The Quest for Evidence for Proton Therapy: Model-Based Approach and Precision Medicine

Joachim Widder*, Arjen van der Schaaf, Philippe Lambin, Corrie A. M. Marijnen, Jean-Philippe Pignol, Coen R. Rasch, Ben J. Slotman, Marcel Verheij, Johannes A. Langendijk

*Corresponding author for this work

Research output: Contribution to journalArticleAcademicpeer-review

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Purpose: Reducing dose to normal tissues is the advantage of protons versus photons. We aimed to describe a method for translating this reduction into a clinically relevant benefit. Methods and Materials: Dutch scientific and health care governance bodies have recently issued landmark reports regarding generation of relevant evidence for new technologies in health care including proton therapy. An approach based on normal tissue complication probability (NTCP) models has been adopted to select patients who are most likely to experience fewer (serious) adverse events achievable by state-of-the-art proton treatment. Results: By analogy with biologically targeted therapies, the technology needs to be tested in enriched cohorts of patients exhibiting the decisive predictive marker: difference in normal tissue dosimetric signatures between proton and photon treatment plans. Expected clinical benefit is then estimated by virtue of multifactorial NTCP models. In this sense, high-tech radiation therapy falls under precision medicine. As a consequence, randomizing nonenriched populations between photons and protons is predictably inefficient and likely to produce confusing results. Conclusions: Validating NTCP models in appropriately composed cohorts treated with protons should be the primary research agenda leading to urgently needed evidence for proton therapy.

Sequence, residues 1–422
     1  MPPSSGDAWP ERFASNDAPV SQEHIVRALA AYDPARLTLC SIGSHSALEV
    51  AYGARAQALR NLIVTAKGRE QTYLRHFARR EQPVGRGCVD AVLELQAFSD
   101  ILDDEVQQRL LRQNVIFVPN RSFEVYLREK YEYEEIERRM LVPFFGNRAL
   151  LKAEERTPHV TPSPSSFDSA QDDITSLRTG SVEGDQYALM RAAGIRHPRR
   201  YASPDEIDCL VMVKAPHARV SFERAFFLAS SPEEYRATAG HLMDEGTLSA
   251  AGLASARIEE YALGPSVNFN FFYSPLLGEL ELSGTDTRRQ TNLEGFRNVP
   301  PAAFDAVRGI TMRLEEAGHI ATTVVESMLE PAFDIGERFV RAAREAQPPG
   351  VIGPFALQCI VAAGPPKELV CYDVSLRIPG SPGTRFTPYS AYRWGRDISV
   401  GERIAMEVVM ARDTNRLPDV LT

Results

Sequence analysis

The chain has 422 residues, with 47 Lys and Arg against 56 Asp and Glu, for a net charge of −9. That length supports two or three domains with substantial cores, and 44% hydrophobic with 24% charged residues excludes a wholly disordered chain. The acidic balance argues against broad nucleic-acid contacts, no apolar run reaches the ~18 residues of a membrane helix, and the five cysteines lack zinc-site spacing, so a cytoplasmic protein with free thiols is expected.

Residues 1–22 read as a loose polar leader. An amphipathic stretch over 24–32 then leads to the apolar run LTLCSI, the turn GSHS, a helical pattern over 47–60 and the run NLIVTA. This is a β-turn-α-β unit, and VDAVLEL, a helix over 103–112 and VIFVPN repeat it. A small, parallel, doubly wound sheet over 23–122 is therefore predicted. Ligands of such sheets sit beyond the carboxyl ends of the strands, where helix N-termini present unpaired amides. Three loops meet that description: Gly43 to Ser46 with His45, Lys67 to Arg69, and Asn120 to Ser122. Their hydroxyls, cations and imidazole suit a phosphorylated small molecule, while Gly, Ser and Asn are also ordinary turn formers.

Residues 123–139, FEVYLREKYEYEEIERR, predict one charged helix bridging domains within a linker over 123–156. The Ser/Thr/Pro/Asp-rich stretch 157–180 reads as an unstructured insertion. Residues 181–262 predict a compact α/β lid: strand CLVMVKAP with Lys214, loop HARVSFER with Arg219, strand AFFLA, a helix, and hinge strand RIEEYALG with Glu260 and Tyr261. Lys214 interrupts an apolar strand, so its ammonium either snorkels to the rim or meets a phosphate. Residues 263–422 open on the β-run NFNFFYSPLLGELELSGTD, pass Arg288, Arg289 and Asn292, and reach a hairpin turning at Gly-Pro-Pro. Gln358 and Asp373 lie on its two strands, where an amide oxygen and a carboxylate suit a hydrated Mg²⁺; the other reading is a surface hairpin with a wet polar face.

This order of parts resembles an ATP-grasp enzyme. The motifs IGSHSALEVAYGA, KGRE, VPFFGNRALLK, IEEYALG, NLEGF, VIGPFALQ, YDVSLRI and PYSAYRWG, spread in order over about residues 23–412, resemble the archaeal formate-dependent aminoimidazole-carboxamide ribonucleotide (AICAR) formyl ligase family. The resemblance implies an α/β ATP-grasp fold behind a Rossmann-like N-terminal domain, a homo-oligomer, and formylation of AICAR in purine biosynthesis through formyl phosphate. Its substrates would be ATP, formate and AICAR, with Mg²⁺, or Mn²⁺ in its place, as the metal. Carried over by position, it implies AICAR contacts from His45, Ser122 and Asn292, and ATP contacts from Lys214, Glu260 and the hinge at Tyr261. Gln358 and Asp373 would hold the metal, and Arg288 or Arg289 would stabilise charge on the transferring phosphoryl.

Original languageEnglish
Pages (from-to)30-36
JournalInternational Journal of Radiation Oncology Biology Physics
Issue number1
Publication statusPublished - 1 May 2016

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